Method and procedure
The M.V. Yaremchuk’s questionnaire in G.V. Burmenskaya and O.V. Almazova modification (Yaremchuk, 2006; Almazova, 2015) was used to assess the attachment to mother. In consists of 11 items, each of them has 3 options for multiple choice corresponding to 3 classical attachment styles (secure, anxious-avoidant and anxious-ambivalent). The participants were asked to choose the most appropriate option in each question, then the attachment style was defined by the result calculated;
The Experiences in Close Relationships-Revised (ECR-R) Questionnaire (Fraley, Waller, Brennan & 2000) assesses the romantic attachment using the two-dimensional model of individual differences of romantic attachment. It contains 36 items related to “anxiety” or “avoidance” scales. The participants answered using a 7-point scale ranging from 1 (completely disagree) to 7 (completely agree);
The semantic differential consisted of 10 pairs of adjectives to evaluate oneself and his/ her spouse or romantic partner using a scale ranging from -3 to 3:
The 5-factor Inventory of Individual Differences (Davey, Eaker & Walters, 2003), It contains 108 personal characteristics to be evaluated with 7-point scale.
The assumption of succession in attachment across the lifespan was confirmed in the present study: the Pearson Chi-Square criterion (χ²=12.830; p=0.005) suggests that two groups with secure and insecure attachment to mother (38,4 and 61,6% respectively) differ significantly in romantic attachment styles distribution. The secure attachment to spouse or romantic partner was evenly distributed in two groups with secure and insecure attachment to mother, while insecure romantic attachment styles were significantly more presented in the group with insecure attachment to mother.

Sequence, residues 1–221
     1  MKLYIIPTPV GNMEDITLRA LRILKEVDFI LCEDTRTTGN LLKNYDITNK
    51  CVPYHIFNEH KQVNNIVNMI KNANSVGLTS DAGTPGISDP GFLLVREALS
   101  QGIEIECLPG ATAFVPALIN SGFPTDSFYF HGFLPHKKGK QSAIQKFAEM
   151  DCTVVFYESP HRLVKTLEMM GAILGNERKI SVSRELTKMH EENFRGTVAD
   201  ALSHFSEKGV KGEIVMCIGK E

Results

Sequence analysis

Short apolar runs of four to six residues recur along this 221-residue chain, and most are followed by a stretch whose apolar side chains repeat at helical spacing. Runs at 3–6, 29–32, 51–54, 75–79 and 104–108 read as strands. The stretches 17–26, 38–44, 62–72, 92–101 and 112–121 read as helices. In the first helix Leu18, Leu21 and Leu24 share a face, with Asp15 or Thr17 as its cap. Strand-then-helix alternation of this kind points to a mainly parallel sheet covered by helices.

In order to find out the differences in scale values for ECR-R questionnaire in individuals with secure and insecure attachment to mother we used Mann-Whitney nonparametric test. Different scale values were discovered for individuals with secure and insecure attachment to mother (U=1809, p ≤0.001 for “Anxiety” scale): secure-attached young adults report significantly less anxiety in relationship with spouse or romantic partner than persons with insecure attachment to mother. Furthermore, secure- and insecure-attached to mother individuals differ in avoidance level (U=2137, p ≤0.047 for “Avoidance” scale): persons with secure attachment to mother show significantly less avoidance in relationship with spouse or romantic partner than insecure-attached ones. As we verified coherence and consistency of the constructs mentioned above, the main part of the study was realized. It contained conceptual filling of K. Bartholomew & L.M. Horowitz’s two-dimensional model of individual differences in romantic attachment in Russian sample, and specification of the model of significant other at conscious and subconscious levels.
The ECR-R questionnaire results were used to divide the participants in 3 groups by the romantic attachment style (we introduced such variable as the sum of scale values of ECR-R questionnaire in order to define total level of insecure attachment patterns manifestation): individuals were referred to groups with secure, conventionally secure and insecure romantic attachment. Approximate 33% and 66% points in scale values distribution (4.28 for 32.7% and 5.89 for 67.3% respectively) were employed to assign a group number to each participant. The extreme groups comparison method was used to test our hypotheses.
To define a baseline we offered the participants to evaluate themselves using the semantic differential (Figure
The study of significant other’s representations at subconscious level with semantic differential discovered significant differences (Mann-Whitney test) for “warm – cold” (U=408; p=0.03) scale and a tendency for “soft – solid” (U=427,5; p=0.06) scale (Figure